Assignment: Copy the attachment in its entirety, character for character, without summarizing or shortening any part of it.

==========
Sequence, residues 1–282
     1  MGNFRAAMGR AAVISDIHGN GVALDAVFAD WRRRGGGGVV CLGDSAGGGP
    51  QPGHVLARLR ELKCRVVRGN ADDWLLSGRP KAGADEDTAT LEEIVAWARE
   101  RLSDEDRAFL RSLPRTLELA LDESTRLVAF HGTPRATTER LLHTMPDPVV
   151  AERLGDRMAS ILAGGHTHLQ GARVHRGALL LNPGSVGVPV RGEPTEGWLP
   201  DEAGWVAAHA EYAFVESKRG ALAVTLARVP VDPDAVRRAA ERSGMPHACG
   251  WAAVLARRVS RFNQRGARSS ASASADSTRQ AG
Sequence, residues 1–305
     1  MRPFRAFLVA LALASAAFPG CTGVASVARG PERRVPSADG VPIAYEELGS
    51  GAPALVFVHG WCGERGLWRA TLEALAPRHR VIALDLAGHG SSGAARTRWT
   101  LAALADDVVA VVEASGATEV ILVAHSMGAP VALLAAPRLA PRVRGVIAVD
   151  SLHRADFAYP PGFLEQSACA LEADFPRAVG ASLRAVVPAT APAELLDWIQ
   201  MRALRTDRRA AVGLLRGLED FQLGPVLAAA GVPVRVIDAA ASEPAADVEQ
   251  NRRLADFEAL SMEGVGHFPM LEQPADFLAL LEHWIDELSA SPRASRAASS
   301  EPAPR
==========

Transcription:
Sequence, residues 1–282
     1  MGNFRAAMGR AAVISDIHGN GVALDAVFAD WRRRGGGGVV CLGDSAGGGP
    51  QPGHVLARLR ELKCRVVRGN ADDWLLSGRP KAGADEDTAT LEEIVAWARE
   101  RLSDEDRAFL RSLPRTLELA LDESTRLVAF HGTPRATTER LLHTMPDPVV
   151  AERLGDRMAS ILAGGHTHLQ GARVHRGALL LNPGSVGVPV RGEPTEGWLP
   201  DEAGWVAAHA EYAFVESKRG ALAVTLARVP VDPDAVRRAA ERSGMPHACG
   251  WAAVLARRVS RFNQRGARSS ASASADSTRQ AG
Sequence, residues 1–305
     1  MRPFRAFLVA LALASAAFPG CTGVASVARG PERRVPSADG VPIAYEELGS
    51  GAPALVFVHG WCGERGLWRA TLEALAPRHR VIALDLAGHG SSGAARTRWT
   101  LAALADDVVA VVEASGATEV ILVAHSMGAP VALLAAPRLA PRVRGVIAVD
   151  SLHRADFAYP PGFLEQSACA LEADFPRAVG ASLRAVVPAT APAELLDWIQ
   201  MRALRTDRRA AVGLLRGLED FQLGPVLAAA GVPVRVIDAA ASEPAADVEQ
   251  NRRLADFEAL SMEGVGHFPM LEQPADFLAL LEHWIDELSA SPRASRAASS
   301  EPAPR